A police officer from Coral Springs in South Florida has been charged by a federal grand jury with fraudulently applying to the U.S. Small Business Administration (SBA) for a Covid-19 relief advance grant and a low-interest loan.
Officer Charged with EIDL Loan Fraud
According to the indictment, Jason Scott Carter, 44, of Boca Raton, falsely claimed a business he allegedly owns and operates had previously enjoyed gross revenues of $100,000, which turned out to be untrue. The indictment also charges Carter with falsely and fraudulently certifying that the funds he received from the SBA would be for business expenses to alleviate the economic injury that the pandemic caused to his business.
SBA Loan Money Spent on Luxury Cars
The charges revealed that instead of spending the money on his business as he had certified that he would, Carter spent a large amount of the SBA loan money at a car repair and detailing company for luxury vehicles and high-end auto parts.
The charges record that Carter spent more than $21,000 of the loan money at the car repair and detailing company.
Police Officer Facing Up to 20 Years in Prison
A statement by the Department of Justice read: “The Indictment charges Carter with one count of wire fraud. If convicted, he faces up to 20 years in prison and a fine of up to $250,000.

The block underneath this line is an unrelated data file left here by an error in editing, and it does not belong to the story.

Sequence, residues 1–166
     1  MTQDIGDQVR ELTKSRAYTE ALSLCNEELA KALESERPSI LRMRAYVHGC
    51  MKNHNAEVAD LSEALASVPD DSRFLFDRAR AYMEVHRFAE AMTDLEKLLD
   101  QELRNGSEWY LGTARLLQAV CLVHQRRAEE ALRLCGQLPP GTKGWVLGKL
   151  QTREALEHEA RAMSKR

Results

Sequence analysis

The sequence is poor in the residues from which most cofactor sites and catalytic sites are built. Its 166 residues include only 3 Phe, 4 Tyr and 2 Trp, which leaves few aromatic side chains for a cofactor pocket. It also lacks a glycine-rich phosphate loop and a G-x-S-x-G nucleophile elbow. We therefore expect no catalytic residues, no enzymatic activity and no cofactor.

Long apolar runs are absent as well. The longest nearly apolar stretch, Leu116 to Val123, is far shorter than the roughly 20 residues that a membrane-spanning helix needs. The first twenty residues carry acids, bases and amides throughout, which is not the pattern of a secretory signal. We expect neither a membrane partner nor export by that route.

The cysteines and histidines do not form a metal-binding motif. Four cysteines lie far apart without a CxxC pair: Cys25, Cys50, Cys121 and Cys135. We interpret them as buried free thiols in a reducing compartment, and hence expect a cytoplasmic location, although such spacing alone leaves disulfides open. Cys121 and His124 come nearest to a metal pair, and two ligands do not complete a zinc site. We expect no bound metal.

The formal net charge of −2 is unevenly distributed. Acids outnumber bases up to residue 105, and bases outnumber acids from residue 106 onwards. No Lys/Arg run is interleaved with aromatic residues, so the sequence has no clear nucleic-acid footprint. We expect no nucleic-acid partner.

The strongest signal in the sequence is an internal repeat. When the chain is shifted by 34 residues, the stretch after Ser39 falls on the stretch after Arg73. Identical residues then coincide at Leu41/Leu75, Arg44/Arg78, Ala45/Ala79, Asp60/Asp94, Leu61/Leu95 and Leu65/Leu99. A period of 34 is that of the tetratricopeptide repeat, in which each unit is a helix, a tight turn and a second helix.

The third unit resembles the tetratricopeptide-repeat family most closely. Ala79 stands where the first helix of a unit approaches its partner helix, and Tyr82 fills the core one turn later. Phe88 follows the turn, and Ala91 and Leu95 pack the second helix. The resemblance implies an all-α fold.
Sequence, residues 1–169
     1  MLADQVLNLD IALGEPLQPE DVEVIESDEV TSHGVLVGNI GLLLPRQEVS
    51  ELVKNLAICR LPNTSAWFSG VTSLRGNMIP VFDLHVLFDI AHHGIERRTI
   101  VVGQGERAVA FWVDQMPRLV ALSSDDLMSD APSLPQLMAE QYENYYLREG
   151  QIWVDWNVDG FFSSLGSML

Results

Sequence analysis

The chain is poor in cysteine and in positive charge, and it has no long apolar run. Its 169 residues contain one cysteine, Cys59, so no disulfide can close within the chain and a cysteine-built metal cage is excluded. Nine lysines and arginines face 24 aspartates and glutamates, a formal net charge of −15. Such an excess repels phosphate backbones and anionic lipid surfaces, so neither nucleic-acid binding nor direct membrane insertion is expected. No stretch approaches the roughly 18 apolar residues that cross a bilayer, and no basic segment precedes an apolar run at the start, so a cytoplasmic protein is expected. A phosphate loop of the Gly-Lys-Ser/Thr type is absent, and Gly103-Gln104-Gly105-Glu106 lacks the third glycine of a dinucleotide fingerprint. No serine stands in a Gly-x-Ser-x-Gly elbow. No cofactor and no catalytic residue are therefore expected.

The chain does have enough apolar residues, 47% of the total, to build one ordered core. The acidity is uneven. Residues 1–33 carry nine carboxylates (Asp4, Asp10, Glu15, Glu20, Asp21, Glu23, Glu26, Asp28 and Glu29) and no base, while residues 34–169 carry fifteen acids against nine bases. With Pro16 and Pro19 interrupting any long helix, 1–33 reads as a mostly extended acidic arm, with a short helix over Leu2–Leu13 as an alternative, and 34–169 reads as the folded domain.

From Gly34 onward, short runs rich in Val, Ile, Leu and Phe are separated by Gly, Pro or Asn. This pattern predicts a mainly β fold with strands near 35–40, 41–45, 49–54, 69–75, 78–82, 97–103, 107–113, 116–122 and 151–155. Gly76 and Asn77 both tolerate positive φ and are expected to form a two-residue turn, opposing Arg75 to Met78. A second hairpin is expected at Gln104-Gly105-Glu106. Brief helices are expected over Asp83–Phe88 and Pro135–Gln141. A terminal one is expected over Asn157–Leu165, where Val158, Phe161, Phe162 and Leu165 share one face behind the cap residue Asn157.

“Carter made his initial appearance today before U.S. Magistrate Judge Bruce E. Reinhart. He was released on bond, pending trial.
“Juan Antonio Gonzalez, U.S. Attorney for the Southern District of Florida, Omar Perez Aybar, Special Agent in Charge, U.S. Department of Health and Human Services, Office of the Inspector General (HHS-OIG), Miami Regional Office, and David Walker, Special Agent in Charge, FBI Tampa, announced the charges.
“HHS-OIG, Miami Regional Office (Tampa), and FBI Tampa investigated this matter. Assistant U.S. Attorney Will J. Rosenzweig is prosecuting the case. Assistant U.S. Attorney Peter Laserna is handling asset forfeiture.”
The Department of Justice added that indictments contain mere allegations and that defendants like Carter are considered innocent unless and until found guilty in a court of law.
Task Force Battles CARES Act Fraud
After the Coronavirus Aid, Relief, and Economic Security (CARES) Act was enacted in March 2020, it began providing emergency financial assistance to millions of Americans suffering the economic effects caused by the Covid-19 pandemic. As part of this, the CARES Act authorized and gave funding to the SBA so they could provide Economic Injury Disaster Loans to eligible small businesses, which Jason Scott Carter then applied for.
Carter’s alleged fraud is not the first instance though, and by May 17, 2021, it became necessary for the Attorney General to establish a Covid-19 Fraud Enforcement Task Force to marshal the resources of the Department of Justice. The task force worked in partnership with agencies across the government to combat and prevent pandemic-related fraud.
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